In these circumstances, the passive methods of providing information (as discussed above) offer no value to improving user performance. Something in the environment — the application that a user is using to perform the task — needs a mechanism to recognize the gap between anticipated levels of performance and the actual performance exhibited by the user, and then the ability to proactively request information resources that the user needs. To do this, the application needs two things that we believe can become part of the enterprise-wide topic map construct:
Let’s return for a moment to our example of the attorney writing a decision regarding a claimant who, while living in one state, was also covered by a Circuit Court judgment that was only applicable in another state — a judgment that the attorney was unlikely to know about. What information did the user provide in order to get that information? Two state names, the nature of the disability, and the task being worked on. All these things are known by the case processing application.
Similarly, the “Remember This” feature that provided hints about case processing and reminders of recent updates was designed to eventually be incorporated into the case processing application. From a user-centered design perspective, it is far more effective to provide the hint directly on the relevant screen of the case processing application so that the users will see it while they are doing their normal work. This prevents any interruption of the work, reduces the business risk of the users not seeing the information, and removes the burden from the user to go seeking information.
Once applications begin to provide information to support performance problems that may not be recognized by the user, information becomes more valuable, based on the fact that it is both proactive and relevant to the user’s situation. Thus, the picture of the user/content relationship now begins to look significantly different.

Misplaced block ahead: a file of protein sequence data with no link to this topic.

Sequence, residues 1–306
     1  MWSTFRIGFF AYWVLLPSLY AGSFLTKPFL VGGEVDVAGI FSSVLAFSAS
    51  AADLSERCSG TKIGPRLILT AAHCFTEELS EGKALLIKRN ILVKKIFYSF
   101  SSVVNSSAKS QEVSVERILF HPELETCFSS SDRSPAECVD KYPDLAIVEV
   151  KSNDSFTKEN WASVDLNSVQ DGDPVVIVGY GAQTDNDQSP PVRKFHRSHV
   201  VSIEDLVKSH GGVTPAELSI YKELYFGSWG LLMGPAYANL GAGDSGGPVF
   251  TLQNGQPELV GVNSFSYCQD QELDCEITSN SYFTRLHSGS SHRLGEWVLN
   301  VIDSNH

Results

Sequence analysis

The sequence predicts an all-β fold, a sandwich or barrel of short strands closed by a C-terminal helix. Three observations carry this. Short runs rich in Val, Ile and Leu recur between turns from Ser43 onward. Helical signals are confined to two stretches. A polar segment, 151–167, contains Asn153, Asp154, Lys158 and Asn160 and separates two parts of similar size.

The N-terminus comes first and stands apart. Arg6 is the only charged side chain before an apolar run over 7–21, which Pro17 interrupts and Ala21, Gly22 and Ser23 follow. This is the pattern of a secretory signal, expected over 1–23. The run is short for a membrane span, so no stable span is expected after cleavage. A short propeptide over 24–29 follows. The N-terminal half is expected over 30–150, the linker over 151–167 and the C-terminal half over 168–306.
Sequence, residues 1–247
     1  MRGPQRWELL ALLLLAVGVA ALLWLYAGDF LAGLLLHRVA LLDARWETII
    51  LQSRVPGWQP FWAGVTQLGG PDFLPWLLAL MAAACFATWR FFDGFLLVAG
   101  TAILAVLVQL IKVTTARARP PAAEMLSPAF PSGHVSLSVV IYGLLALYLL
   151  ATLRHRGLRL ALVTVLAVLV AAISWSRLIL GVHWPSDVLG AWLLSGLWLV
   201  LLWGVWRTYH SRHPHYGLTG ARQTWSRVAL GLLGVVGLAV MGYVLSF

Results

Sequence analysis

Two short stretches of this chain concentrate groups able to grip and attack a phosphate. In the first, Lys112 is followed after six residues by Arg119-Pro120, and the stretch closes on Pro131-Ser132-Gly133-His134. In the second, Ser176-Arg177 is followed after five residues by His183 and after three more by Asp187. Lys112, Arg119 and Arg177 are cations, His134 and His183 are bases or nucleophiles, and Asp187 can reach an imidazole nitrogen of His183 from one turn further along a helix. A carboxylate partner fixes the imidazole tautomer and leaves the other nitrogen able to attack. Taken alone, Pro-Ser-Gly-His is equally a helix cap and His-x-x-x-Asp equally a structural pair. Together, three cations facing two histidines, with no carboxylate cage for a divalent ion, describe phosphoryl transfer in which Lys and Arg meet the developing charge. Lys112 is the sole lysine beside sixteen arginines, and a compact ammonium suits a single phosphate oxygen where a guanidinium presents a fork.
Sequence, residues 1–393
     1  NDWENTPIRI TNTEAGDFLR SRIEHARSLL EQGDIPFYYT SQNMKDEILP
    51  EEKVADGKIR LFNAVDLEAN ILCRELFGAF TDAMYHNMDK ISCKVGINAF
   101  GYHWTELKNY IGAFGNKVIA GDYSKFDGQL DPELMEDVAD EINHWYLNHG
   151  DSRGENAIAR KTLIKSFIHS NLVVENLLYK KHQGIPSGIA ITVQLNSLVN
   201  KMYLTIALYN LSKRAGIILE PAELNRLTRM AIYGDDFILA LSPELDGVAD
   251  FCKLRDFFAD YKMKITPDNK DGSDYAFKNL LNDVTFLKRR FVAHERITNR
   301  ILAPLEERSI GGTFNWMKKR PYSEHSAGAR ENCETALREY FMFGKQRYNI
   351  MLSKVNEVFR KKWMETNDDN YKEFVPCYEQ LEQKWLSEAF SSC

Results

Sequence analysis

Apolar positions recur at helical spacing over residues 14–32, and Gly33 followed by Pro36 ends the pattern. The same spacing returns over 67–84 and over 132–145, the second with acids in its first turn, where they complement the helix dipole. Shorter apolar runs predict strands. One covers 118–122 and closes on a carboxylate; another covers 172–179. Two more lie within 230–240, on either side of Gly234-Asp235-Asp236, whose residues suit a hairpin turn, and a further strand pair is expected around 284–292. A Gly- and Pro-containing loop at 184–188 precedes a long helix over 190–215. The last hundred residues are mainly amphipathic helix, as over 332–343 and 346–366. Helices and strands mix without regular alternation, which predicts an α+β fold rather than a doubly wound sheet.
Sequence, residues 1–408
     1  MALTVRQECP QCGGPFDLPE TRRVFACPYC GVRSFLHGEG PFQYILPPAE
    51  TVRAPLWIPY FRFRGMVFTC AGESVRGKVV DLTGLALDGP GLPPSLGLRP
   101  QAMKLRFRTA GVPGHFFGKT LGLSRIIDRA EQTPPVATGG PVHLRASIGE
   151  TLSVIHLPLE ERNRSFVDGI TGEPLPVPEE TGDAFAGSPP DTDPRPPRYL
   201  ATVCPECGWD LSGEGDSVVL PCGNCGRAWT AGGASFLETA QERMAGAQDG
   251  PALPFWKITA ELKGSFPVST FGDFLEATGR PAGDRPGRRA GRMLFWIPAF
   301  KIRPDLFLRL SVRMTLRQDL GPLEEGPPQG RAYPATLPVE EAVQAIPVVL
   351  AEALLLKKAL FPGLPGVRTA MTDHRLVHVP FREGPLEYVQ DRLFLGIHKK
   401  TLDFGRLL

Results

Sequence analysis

The value that topic maps bring to this more integrated information environment can be illustrated as follows:
This section explores some of the issues and decisions faced when creating the infrastructure that facilitates both a general enterprise topic map and specific applications’ use of the topics.
The first, and probably most important, decision was that topics need to be created and maintained over time by domain subject experts within the organization (not solely by information specialists or technical markup staff). The topic map should grow in a systematic-organic way in order to meet the immediate needs of particular information projects and still extend to other subject areas (of unknown scope or subject focus) in the future. Having many people create topics and associations in a structured environment allows the library of available topics to grow quickly as well as maintain relevance to the organization. The long-term goal is to build an organizationally maintained, enterprise-wide, dynamic resource. Different applications can then begin to share one topic reference source for their indexing and context mapping.
An alternative would have been to create application-specific topic maps and then merge them when required. Topic map merging has not been pursued at this stage because we felt that it would probably have required a significant future manual effort to review and decide on merges, or it would have had to rely on a high degree of terminology (and spelling) consistency among tens — or hundreds — of subject specialists.
What are the implications of this approach?
Simple user interface designs have been developed to allow subject experts to add “keywords” (topics) and make connections between them (associations, roles, and scopes) based on defined templates. This is consistent with literature on using templates as a basis for creating common associations [Biezunski and Newcomb, 2001] [Vatant, 2002]. In existing user content, we have encountered common categorization and vocabulary patterns that form the basis for some pre-defined templates that map taxonomy organization, context filtering, synonym terms, acronyms, reference numbering, and replacing one topic with another as vocabulary or business circumstances change (this is likely to be particularly useful during departmental reorganizations).